I just finished reading the Book of Job for the second time in two months, and this time I read it in a single day, which produced a new experience for me with this very old friend of a poem. Reading Robert Alter’s translation this time, I skipped his footnotes and read them only at … Continue reading Reading Job in a day →
I’ve been thinking a lot about eyelids. In the Book of Job, the King James Bible gives us a memorable phrase, “the eyelids of the morning” (41:18). Both Job and God speak this phrase, which is translated by Robert Alter as “eyelids of dawn.” A few days ago I came to the very end of … Continue reading The Eyelids of Job’s Daughter →
My two favorite, and possibly the best, translators of the Bible today were interviewed together on a podcast about a year ago: Speaking broadly and perhaps simply, Robert Alter produced a translation of the Hebrew Bible that shows in English that the original was great literature, while David Bentley Hart produced a New Testament that … Continue reading Podcast with Alter and Hart →
I am currently taking in Robert Alter’s reading of the Book of Job, in his “Art of Biblical Poetry.” Alter reads Job not primarily as a text containing ideas, questions and answers but firstly as a great poet’s depiction of the world and its Creator. What Alter finds is that God in his final speeches … Continue reading Robert Alter’s reading of Job →
My blog is new, so I’ve never picked out favorite books for a year, but here we go. My ten faves for 2021, fiction and nonfiction, out of the 66 books I read: 1. New Testament — the recent translation by David Bentley Hart 2. Notre Dame de Paris 3. Lonesome Dove 4. Huckleberry Finn … Continue reading Favorite books of 2021 (and 2020) →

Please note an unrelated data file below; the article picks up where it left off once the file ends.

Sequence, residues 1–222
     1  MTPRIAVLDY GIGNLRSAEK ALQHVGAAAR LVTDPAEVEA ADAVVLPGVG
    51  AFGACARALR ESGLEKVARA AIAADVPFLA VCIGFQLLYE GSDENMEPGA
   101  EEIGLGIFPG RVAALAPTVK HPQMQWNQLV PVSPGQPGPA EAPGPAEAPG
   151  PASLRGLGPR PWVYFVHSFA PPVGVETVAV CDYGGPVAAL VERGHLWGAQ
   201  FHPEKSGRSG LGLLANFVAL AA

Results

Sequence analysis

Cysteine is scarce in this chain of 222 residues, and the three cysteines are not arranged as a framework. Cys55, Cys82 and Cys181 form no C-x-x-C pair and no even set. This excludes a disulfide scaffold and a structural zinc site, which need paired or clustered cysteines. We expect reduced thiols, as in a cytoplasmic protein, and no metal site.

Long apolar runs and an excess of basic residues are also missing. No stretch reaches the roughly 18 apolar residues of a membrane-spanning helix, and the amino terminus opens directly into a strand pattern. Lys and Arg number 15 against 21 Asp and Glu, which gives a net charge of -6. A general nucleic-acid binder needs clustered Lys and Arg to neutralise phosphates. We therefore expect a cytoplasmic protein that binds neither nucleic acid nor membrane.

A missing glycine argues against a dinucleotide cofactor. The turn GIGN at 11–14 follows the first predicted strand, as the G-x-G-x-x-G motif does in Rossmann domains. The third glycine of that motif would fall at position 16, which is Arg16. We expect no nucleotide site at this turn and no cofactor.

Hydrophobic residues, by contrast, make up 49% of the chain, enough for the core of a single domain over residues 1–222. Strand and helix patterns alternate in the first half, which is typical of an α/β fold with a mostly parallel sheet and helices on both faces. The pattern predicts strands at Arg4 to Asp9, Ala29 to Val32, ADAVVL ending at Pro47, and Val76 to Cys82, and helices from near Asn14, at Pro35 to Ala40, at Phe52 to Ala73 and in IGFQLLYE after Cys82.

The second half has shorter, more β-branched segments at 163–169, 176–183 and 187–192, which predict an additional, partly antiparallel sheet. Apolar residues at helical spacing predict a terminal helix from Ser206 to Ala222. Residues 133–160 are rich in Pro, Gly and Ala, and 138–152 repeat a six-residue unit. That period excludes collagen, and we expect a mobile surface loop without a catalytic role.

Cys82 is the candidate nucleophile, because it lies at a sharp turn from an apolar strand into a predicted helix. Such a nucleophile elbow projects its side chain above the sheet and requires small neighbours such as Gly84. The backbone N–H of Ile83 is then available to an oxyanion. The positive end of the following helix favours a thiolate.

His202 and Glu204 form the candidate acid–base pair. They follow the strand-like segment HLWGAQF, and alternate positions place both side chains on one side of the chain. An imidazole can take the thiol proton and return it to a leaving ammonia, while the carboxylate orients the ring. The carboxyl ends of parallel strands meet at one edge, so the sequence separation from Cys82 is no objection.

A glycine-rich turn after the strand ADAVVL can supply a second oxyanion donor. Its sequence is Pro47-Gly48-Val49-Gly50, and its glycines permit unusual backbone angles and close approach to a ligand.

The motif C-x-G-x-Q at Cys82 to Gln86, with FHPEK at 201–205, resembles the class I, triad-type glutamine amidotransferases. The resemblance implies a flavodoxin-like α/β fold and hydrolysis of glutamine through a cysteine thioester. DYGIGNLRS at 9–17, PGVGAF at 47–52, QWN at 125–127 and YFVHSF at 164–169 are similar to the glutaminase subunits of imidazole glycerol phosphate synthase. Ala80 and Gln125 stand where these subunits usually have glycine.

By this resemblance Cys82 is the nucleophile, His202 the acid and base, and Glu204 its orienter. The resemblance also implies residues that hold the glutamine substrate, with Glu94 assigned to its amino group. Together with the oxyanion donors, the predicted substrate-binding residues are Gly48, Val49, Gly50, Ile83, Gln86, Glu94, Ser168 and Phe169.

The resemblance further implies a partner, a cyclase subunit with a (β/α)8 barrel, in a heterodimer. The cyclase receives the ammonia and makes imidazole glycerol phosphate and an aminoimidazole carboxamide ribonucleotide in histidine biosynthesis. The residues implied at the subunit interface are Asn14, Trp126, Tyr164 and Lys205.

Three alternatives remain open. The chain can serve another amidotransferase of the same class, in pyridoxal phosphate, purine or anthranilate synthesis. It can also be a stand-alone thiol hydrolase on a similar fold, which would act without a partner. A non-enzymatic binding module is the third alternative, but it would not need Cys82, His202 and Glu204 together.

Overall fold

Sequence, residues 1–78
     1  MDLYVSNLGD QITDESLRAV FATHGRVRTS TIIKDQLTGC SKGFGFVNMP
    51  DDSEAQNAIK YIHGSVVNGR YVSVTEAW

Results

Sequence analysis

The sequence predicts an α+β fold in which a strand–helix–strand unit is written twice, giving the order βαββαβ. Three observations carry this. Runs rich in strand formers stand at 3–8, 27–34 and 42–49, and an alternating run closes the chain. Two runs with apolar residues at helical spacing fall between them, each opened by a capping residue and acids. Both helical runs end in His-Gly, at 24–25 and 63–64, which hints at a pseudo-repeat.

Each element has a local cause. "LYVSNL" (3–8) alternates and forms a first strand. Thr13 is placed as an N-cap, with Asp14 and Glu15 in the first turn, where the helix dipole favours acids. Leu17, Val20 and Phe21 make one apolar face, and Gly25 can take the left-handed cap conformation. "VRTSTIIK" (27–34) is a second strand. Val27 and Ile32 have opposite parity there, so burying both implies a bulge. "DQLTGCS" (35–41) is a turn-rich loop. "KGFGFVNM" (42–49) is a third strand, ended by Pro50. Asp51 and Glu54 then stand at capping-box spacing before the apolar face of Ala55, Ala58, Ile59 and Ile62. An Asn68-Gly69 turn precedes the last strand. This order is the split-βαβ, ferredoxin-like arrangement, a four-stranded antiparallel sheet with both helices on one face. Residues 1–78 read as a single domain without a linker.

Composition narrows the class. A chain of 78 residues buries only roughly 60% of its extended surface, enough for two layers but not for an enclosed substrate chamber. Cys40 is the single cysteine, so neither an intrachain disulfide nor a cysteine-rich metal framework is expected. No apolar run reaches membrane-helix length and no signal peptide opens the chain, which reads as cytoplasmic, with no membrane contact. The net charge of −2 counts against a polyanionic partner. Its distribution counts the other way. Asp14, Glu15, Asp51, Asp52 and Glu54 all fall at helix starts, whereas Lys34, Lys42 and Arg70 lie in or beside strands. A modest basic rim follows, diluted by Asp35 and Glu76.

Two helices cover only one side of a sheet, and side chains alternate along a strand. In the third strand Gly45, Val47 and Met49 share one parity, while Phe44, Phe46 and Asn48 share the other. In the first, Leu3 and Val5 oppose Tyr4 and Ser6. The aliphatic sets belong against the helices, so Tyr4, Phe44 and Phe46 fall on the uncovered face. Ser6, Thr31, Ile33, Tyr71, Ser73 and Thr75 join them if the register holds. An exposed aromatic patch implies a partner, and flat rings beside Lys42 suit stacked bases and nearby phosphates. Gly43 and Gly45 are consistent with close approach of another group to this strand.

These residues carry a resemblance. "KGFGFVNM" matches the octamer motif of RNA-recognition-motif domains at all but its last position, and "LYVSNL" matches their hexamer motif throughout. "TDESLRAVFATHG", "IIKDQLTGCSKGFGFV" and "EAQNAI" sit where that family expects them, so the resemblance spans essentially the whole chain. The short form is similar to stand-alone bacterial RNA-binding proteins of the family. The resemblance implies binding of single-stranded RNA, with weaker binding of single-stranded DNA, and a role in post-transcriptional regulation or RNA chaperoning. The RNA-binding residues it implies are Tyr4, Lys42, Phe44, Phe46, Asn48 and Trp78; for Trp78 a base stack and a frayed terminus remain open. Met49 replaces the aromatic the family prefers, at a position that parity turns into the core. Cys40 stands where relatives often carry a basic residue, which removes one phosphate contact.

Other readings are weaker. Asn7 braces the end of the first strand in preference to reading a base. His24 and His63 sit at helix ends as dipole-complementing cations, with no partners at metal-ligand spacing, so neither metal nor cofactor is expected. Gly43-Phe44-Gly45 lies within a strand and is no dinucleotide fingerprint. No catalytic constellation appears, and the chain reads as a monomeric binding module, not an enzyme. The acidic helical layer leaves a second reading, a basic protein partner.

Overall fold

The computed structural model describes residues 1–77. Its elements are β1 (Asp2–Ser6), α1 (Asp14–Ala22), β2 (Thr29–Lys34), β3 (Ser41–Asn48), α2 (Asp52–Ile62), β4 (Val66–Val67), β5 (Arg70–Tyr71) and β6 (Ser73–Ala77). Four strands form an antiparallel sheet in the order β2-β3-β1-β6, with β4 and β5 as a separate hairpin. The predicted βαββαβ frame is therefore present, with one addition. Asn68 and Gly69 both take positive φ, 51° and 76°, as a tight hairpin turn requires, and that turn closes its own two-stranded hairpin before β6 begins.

“The Fellowship of the Ring” came out in theaters twenty years ago, almost to the day. Below is an essay that I wrote in the days after I saw it — an essay that, besides being a bit of a time portal, covers a ton of subjects about books, movies, history, religion, dead white males, … Continue reading The Fellowship of the Ring →
Some bloggers and BookTubers have been presenting Christmas material from novels, for example, this selection from “Little House In the Big Woods.” That one is part of a full series of Christmas-related readings, and I don’t have enough reading under me to list that many readings. But I’ll give one. It’s a scene, or rather … Continue reading Christmas, 1811 →
In honor of a sad sapling, and his Christmas tree. Hark! the herald angels sing,“Glory to the newborn King:peace on earth, and mercy mild,God and sinners reconciled!”Joyful, all ye nations, rise,join the triumph of the skies;with th’angelic hosts proclaim,“Christ is born in Bethlehem!” Refrain:Hark! the herald angels sing,“Glory to the newborn King” Christ, by highest … Continue reading Charlie Brown Christmas →
“But I cannot be satisfied without Fanny Price, without making a small hole in Fanny Price’s heart. You do not seem properly aware of her claims to notice. When we talked of her last night, you none of you seemed sensible of the wonderful improvement that has taken place in her looks within the last … Continue reading Fanny Price and Job →
two sons of abraham two israelite kingdomsnorth and south one destroyedand then the other two templesboth destroyed two jewish revoltstwo intifadahs two roman empireswest and east one destroyedand then the other two churches in schismtwo islams in contest none destroyed two prophets rejectedtwo religions born to contend two satansgreat and little two world warstwo genocides … Continue reading two sons of abraham →
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